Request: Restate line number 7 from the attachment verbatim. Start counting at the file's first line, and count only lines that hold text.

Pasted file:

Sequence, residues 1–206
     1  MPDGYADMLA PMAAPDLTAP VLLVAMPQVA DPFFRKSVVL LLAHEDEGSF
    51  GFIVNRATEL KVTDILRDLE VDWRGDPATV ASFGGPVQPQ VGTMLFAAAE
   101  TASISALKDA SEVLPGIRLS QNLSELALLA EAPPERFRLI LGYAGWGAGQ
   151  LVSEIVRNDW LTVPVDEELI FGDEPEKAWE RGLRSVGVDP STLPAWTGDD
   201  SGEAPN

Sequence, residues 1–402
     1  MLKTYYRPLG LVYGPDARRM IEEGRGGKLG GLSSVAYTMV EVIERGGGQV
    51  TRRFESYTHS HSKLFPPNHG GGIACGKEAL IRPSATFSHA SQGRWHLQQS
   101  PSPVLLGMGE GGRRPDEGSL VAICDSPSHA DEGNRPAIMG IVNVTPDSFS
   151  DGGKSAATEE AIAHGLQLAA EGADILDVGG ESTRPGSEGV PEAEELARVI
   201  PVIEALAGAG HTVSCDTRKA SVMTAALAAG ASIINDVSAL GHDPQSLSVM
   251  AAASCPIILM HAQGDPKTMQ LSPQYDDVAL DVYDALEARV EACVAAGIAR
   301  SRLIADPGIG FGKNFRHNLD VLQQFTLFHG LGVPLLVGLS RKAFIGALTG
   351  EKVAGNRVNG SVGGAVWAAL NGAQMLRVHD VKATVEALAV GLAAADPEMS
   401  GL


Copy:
Sequence, residues 1–402